Museveni’s word against Mbabazi’s: Let the scapegoating begin

16 06 2015

This morning I watched President Museveni’s reaction to Mbabazi’s 2016 presidential bid and I think that the president rushed it. The president used 18 minutes to respond to Mbabazi’s 5 minutes declaration – now given that much time, I expected the president to deliver much more than the anger and scapegoating portrayed in his video. I expected to hear what the president would do differently if Ugandans gave him another chance to keep the top job, instead;

  • The president seemed rather too angry and frustrated to address the country. If you watched the video you probably noticed that the president was even rude to his aids who were helping him to deliver this speech (see minutes 4:41 and 5:00).
  • Museveni argues that Mbabazi should be held responsible for government’s failure to deliver its promises. Well, the president could be right but then again did it take the president 10 years to learn that Mbabazi was “not performing”?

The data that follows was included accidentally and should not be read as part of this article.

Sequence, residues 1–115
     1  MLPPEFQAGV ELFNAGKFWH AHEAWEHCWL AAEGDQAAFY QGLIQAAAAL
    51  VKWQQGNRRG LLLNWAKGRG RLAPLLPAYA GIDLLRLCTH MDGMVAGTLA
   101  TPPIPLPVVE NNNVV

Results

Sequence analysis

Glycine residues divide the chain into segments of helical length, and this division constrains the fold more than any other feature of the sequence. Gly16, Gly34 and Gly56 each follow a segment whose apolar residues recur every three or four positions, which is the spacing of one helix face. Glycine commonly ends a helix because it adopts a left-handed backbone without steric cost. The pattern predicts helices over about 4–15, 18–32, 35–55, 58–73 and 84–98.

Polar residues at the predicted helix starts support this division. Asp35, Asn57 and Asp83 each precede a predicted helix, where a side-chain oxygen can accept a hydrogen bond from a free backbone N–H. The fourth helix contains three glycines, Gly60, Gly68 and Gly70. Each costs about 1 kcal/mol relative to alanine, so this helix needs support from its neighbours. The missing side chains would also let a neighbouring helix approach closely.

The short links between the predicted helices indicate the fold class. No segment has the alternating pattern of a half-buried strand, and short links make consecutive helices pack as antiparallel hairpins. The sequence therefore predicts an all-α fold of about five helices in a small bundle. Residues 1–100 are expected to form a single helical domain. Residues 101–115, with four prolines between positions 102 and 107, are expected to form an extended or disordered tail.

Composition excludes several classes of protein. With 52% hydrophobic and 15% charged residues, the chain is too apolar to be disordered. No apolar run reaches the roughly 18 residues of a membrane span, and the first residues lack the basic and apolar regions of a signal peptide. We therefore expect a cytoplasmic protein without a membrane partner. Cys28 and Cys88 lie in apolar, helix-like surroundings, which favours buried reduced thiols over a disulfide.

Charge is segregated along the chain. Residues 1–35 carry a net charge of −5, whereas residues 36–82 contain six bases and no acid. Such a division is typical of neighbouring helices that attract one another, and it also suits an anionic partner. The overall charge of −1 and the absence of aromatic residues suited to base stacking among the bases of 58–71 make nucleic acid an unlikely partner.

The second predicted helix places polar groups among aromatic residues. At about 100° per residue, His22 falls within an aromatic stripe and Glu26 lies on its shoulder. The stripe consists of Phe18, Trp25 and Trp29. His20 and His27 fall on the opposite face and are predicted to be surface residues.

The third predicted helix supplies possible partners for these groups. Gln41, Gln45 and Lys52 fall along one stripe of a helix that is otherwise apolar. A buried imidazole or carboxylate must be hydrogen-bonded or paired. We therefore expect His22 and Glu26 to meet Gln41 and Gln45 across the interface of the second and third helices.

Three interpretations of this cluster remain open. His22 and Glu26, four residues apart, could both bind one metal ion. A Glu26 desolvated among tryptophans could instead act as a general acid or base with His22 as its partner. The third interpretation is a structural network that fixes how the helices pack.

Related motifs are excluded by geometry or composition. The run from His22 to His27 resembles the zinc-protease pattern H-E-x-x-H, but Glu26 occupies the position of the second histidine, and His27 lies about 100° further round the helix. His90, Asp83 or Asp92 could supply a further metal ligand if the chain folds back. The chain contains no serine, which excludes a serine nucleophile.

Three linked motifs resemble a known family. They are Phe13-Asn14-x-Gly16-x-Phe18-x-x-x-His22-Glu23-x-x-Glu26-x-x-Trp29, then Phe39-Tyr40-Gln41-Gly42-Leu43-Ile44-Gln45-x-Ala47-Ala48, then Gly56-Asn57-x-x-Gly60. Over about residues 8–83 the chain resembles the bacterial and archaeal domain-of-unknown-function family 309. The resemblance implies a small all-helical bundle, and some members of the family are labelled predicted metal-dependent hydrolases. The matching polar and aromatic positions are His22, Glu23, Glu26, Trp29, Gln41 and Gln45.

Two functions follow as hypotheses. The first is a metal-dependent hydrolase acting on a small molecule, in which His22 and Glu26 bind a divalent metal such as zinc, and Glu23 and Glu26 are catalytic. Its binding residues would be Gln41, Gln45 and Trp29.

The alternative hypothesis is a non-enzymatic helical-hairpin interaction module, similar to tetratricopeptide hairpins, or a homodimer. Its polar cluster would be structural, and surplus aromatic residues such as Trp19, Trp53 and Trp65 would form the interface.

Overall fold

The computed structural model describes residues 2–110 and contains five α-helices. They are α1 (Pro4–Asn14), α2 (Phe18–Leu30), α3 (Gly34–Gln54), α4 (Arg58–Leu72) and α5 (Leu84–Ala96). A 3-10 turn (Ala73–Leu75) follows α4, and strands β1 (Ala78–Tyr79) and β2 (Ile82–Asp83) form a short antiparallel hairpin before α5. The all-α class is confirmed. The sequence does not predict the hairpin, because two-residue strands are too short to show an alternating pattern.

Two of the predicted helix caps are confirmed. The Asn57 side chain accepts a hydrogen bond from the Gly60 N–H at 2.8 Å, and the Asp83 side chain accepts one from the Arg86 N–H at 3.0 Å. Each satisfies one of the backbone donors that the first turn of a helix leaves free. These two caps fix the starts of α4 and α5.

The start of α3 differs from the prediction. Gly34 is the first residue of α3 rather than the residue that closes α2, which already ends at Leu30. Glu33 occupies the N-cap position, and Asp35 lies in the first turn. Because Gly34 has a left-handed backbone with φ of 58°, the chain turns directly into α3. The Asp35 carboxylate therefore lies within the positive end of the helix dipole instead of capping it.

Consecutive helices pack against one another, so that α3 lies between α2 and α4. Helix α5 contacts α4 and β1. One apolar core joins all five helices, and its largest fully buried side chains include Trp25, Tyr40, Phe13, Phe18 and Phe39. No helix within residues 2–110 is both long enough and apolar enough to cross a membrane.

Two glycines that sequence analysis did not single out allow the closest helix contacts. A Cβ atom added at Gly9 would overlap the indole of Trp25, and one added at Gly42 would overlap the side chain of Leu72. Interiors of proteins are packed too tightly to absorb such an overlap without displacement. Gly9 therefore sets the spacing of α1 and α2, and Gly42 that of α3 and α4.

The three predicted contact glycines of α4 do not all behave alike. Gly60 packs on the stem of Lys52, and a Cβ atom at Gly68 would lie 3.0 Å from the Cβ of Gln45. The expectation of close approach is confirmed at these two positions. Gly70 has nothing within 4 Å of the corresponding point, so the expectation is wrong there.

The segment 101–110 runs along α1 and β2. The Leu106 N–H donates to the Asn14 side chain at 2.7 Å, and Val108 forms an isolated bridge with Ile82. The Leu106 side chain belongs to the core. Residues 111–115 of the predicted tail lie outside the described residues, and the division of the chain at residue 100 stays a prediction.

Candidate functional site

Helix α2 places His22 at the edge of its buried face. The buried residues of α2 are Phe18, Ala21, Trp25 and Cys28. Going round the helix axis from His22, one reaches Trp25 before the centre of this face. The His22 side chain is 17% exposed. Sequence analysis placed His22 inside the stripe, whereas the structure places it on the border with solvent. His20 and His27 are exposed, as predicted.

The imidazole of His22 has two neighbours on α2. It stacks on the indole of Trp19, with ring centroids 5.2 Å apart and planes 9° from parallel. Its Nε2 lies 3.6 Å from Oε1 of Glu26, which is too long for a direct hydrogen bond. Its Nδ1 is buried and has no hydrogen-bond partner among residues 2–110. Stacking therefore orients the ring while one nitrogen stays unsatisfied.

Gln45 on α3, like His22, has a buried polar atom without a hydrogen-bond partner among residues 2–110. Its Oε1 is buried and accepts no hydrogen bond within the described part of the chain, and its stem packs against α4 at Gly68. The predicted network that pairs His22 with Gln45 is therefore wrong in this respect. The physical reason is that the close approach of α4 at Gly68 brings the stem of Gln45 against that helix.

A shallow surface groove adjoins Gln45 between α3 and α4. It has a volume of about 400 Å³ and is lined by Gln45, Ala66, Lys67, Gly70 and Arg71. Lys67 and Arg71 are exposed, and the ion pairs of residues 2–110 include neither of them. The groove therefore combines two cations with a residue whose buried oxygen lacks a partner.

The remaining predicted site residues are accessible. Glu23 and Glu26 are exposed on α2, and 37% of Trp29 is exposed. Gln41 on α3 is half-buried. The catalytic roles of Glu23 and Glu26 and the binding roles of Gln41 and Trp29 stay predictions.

If this is how the president is going to handle the presidential campaigns, looks like we are headed for a long rough ride – the same rhetoric that has failed governance and obstructed accountability. It looks like all the dirty linen is going public – the NRM will exonerate itself from all the failed government projects, name the officials who failed to deliver [just like the president did in his reaction to Mbabazi] and that will probably be a good thing. I mean, the famous “Temangalo” story is coming back to haunt Mbabazi and I am sure he has his own version of the story and I am quite eager to hear more about it but I am also interested in mature politics – blackmail does NOT count as mature.

The problem with this kind of politics or electioneering is it does not seek to improve service delivery or accountability, instead it is manipulative. It’s only aim is to create an enemy safe to hate to protect the party.

I hope that the presidential candidates will reduce on the amount of scapegoating, take responsibility where they have gone wrong – failed to deliver and most importantly convince Ugandans that they have the vision to “nurse the tired country”.

I hope that Mr. President will not be inclined to think that I am “misusing social media” when one of his “young people” show him this blog post!